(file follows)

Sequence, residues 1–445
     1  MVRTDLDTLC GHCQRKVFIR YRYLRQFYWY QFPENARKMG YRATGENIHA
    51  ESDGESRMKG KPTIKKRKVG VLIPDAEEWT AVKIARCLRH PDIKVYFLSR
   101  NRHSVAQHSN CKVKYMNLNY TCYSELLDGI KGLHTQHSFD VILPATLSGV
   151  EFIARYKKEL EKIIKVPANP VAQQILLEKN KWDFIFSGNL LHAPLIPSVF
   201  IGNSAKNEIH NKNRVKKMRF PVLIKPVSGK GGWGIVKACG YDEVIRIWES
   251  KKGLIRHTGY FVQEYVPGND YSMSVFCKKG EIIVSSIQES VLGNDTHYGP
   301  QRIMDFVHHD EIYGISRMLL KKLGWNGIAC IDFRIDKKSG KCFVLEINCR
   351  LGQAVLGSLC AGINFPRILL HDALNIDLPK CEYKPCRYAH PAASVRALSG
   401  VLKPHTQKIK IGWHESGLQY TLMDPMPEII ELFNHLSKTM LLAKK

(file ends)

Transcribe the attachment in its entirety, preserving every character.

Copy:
Sequence, residues 1–445
     1  MVRTDLDTLC GHCQRKVFIR YRYLRQFYWY QFPENARKMG YRATGENIHA
    51  ESDGESRMKG KPTIKKRKVG VLIPDAEEWT AVKIARCLRH PDIKVYFLSR
   101  NRHSVAQHSN CKVKYMNLNY TCYSELLDGI KGLHTQHSFD VILPATLSGV
   151  EFIARYKKEL EKIIKVPANP VAQQILLEKN KWDFIFSGNL LHAPLIPSVF
   201  IGNSAKNEIH NKNRVKKMRF PVLIKPVSGK GGWGIVKACG YDEVIRIWES
   251  KKGLIRHTGY FVQEYVPGND YSMSVFCKKG EIIVSSIQES VLGNDTHYGP
   301  QRIMDFVHHD EIYGISRMLL KKLGWNGIAC IDFRIDKKSG KCFVLEINCR
   351  LGQAVLGSLC AGINFPRILL HDALNIDLPK CEYKPCRYAH PAASVRALSG
   401  VLKPHTQKIK IGWHESGLQY TLMDPMPEII ELFNHLSKTM LLAKK